Batgirl’s Rebirth started out a bit shaky. Her trip to Asia left her incredible cast stranded across an ocean, leaving out one of the strongest aspects of Barbara’s 2011 reboot. The story itself was interesting but it became abundantly clear that Barbara Gordon is best when she’s back in Brooklyn, I mean Burnside, and engaging with her community. Now, that’s exactly where she is.
Batgirl’s return to Burnside comes with a hard look into what makes it exactly like Brooklyn, not from a “new & hip” perspective but a “what’s happening to the people” angle. Burnside, essentially, now embodies the problems that were always bubbling under its surface, which makes for a fantastic story base. As someone who lives in a city that’s frequently compared to Brooklyn (and has a healthy resentment towards gentrification), I love the building blocks writer Hope Larson is using, especially with a strong dose of start-up mercenary mentality for its antagonist.
White collar criminals traditionally have a hard time in the superhero genre, mainly because they replace the “punch
bad guy to signal defeat” with something a little more abstract, which doesn’t work with most forms of superhero
vigilanteism. Unlike the usual “plot to destroy such-and-such,” white collar supervillains are often using the system to create something more mundanely disastrous, like an amalgamation of money or property. Ms. Marvel has used the concept to great effect as a platform to discuss the effects of gentrification but here, in Batgirl, it has a sort of legacy given the main villain is the titular “Son of Penguin.”
It seems a lofty goal, to use the superhero genre to talk about how modern companies are providing the opposite of what they’re selling. How Uber, for example, sells cheaper, safer rides by providing less stable incomes, recusing themselves of insurance responsibilities and “democratizing” the safety of passengers and drivers to a
ratings system. And while there are a lot of moving parts, they blend seamlessly. The worries of gentrification bleed into the setting and into character discussions and motivations. Christian Wildgoose’s vision and style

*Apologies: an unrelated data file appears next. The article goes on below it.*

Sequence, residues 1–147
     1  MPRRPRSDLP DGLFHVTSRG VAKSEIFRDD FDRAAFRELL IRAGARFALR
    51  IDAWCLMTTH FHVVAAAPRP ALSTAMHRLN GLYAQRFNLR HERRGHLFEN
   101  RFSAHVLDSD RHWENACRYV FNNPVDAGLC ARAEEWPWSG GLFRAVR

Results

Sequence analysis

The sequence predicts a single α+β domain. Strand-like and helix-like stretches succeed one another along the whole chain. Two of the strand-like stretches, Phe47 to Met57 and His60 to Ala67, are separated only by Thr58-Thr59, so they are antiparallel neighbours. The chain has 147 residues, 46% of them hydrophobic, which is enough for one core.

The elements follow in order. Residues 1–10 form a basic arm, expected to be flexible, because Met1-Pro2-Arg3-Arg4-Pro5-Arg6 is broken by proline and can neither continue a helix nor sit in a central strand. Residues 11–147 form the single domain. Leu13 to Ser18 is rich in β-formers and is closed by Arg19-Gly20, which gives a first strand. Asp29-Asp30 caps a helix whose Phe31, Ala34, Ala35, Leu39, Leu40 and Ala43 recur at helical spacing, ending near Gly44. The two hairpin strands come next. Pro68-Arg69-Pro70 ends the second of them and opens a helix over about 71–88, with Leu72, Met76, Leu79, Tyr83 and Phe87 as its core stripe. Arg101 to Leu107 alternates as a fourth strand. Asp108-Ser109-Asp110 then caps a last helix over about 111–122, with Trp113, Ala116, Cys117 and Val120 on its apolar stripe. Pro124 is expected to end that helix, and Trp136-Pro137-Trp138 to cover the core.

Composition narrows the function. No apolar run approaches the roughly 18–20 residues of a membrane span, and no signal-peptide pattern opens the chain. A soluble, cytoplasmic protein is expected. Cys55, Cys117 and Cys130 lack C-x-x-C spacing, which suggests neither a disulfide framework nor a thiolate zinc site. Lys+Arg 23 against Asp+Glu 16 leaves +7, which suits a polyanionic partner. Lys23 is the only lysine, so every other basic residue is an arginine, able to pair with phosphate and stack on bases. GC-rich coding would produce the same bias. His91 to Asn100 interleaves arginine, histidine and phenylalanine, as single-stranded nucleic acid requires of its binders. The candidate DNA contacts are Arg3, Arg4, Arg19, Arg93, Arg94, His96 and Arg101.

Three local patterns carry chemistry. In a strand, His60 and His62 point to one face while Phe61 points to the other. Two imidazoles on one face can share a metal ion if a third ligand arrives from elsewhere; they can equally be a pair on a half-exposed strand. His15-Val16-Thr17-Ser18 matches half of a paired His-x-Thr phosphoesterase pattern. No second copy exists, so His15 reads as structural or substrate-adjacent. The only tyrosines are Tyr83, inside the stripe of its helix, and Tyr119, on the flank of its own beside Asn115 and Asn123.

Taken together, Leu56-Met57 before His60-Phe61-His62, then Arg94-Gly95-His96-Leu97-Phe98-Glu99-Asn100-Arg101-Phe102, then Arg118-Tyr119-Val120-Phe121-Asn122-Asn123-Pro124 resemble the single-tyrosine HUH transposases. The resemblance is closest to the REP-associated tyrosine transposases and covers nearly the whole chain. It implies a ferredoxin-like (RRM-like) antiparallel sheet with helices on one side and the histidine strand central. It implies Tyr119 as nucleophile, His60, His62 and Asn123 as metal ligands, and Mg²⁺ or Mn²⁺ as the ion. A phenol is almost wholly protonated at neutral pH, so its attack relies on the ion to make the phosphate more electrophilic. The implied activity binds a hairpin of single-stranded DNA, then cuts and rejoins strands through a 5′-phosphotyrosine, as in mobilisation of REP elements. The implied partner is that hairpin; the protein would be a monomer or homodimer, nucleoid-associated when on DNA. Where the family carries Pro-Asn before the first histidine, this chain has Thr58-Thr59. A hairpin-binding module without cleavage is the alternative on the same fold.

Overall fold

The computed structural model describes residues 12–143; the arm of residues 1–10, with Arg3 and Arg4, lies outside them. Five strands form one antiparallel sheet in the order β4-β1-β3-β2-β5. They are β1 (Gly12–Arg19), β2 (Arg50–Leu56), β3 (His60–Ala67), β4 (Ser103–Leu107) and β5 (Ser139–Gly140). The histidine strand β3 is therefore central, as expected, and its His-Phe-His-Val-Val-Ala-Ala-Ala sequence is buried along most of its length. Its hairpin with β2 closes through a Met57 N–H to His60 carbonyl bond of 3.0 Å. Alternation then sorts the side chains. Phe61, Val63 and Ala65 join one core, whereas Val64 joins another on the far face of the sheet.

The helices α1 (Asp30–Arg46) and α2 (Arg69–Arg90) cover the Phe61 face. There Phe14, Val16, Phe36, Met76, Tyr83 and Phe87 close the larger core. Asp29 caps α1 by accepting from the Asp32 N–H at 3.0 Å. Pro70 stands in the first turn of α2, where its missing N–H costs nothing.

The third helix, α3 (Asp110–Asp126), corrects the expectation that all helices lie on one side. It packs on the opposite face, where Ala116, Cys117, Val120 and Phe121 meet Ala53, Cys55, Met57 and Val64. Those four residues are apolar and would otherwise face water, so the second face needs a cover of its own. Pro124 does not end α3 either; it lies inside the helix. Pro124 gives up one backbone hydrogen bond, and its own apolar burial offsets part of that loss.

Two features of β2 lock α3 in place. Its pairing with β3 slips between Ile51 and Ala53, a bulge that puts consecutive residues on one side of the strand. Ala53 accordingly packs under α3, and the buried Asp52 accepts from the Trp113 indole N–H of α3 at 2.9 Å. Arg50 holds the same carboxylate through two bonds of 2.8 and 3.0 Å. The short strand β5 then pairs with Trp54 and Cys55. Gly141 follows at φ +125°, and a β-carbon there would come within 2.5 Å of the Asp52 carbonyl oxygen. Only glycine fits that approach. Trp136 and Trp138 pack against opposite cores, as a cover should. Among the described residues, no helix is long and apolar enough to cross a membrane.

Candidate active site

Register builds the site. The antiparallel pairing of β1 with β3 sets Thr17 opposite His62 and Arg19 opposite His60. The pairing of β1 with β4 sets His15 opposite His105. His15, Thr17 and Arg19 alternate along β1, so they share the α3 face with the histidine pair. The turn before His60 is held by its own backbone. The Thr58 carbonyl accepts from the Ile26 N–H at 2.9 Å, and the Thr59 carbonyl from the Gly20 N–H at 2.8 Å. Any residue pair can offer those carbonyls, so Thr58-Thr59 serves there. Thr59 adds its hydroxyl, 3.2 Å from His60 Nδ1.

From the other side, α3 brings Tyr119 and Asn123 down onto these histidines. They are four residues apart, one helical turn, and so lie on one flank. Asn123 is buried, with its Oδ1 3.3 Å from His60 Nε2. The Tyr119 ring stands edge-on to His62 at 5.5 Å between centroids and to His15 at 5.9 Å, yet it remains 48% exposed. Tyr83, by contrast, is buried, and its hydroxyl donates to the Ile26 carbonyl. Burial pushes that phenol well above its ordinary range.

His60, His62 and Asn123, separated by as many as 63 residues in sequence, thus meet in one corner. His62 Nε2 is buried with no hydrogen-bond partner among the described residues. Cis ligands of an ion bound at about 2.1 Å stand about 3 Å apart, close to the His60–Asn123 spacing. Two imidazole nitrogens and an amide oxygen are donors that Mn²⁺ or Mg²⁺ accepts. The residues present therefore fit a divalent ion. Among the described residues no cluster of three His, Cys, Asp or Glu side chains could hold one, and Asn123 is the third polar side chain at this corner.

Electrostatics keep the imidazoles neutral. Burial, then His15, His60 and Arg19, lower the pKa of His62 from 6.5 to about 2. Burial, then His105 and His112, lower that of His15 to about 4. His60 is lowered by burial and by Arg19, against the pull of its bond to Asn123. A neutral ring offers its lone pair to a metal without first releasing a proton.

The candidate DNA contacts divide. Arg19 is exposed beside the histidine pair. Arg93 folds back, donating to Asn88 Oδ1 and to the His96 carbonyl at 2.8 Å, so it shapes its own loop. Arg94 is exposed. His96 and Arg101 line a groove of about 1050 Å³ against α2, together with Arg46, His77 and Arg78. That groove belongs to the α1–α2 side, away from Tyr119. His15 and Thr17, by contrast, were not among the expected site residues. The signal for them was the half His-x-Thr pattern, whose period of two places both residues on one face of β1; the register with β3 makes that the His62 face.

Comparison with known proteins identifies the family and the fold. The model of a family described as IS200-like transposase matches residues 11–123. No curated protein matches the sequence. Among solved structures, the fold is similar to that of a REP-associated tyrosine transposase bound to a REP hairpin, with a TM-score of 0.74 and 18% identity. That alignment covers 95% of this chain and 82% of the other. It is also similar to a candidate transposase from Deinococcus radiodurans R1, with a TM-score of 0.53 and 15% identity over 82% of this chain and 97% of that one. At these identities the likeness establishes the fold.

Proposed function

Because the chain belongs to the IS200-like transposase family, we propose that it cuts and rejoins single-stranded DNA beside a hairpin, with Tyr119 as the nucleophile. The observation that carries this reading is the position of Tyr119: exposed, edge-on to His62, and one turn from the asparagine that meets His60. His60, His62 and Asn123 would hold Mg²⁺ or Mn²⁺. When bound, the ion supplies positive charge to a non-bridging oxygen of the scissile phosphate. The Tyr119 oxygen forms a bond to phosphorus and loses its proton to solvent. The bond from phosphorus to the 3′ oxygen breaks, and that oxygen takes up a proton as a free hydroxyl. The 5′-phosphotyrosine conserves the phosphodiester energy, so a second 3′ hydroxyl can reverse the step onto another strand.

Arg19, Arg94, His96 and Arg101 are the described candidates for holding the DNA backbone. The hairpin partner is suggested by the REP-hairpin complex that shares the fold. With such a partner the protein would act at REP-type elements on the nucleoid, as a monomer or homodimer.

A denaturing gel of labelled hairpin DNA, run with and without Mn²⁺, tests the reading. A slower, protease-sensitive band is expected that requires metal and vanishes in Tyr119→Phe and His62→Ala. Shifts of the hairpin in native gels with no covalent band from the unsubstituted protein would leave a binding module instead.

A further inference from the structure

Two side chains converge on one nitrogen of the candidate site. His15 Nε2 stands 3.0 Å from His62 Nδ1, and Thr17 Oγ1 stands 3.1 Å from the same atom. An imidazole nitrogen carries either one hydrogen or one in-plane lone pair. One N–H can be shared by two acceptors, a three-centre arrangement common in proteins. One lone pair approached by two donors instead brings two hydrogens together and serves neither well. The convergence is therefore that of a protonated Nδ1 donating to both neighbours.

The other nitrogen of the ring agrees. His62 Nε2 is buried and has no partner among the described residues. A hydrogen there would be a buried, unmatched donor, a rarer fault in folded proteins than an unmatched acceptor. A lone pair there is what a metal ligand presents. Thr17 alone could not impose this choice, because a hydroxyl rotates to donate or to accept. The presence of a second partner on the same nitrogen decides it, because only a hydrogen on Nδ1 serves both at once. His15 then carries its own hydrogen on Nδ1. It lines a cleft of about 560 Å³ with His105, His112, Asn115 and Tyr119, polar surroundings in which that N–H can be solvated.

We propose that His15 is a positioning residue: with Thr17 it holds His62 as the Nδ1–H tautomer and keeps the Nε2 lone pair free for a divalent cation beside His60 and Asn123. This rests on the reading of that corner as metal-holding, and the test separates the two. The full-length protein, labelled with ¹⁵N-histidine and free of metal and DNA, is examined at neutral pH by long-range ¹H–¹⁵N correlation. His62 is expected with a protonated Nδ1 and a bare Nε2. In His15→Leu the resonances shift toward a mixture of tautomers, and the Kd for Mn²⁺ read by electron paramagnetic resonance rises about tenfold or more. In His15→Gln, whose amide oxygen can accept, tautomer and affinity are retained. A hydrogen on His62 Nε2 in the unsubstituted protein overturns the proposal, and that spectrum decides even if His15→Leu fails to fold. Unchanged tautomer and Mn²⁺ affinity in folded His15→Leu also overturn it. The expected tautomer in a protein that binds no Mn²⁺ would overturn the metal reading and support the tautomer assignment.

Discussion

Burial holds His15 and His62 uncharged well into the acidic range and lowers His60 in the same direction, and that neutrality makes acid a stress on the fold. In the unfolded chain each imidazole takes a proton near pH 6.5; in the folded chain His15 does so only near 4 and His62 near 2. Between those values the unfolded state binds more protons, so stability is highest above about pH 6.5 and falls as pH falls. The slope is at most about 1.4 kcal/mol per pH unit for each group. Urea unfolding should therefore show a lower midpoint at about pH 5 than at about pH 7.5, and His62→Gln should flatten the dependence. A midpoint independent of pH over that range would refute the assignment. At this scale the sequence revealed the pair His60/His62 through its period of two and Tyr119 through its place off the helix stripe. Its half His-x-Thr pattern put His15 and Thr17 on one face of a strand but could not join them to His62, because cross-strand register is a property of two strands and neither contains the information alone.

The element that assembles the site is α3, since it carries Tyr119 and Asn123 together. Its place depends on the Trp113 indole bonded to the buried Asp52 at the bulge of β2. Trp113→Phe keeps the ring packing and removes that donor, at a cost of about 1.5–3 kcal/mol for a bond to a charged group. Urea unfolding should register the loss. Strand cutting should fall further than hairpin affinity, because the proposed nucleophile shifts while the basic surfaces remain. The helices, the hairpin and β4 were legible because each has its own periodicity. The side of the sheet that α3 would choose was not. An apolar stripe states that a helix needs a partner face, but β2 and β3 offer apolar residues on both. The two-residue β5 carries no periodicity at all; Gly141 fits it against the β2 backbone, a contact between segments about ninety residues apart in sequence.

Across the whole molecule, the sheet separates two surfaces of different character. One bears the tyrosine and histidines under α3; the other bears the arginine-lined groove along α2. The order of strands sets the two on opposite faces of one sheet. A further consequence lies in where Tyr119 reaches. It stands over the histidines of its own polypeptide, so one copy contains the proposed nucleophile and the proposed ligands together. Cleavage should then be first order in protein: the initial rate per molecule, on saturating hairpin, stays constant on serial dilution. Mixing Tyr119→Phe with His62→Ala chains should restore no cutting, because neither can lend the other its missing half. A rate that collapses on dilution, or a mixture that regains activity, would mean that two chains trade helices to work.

brings it all together, with a cartoonish, not-taking-itself-so-seriously look with heavy inking and shading, the aforementioned bubbling.
The art team for Batgirl #8 have plenty of opportunity for stylistic fun.
This issue also gives us a look into Ethan Cobblepot’s history and sets up his abandonment by his father for his current desire to one-up The Penguin through a
21st century approach to crime (the endgame is still obscure but painted with some strong foreshadowing). While it adds some depth to the character, it also undermines Batgirl’s budding relationship. Even Barbara wonders why she’s dating him and the solicitation for the issue asks a similar question about her motivation. Clearly, the romance here is doomed, but bad decisions can often mean great plots so long as the motivations make sense. And here, they do.
The many moving parts are all held together by Wildgoose’s incredibly versatile art. He seems capable of anything, from
high intensity action sequences to grounded conversations and fun, geeking out pages like this look through Magpie’s many looks.
tl;dr review: Hope Larson and Christian Wildgoose have blended together a bunch of moving parts that work seamlessly. An interesting premise and the much-needed return of Batgirl’s supporting cast makes for a delightful read with a great premise.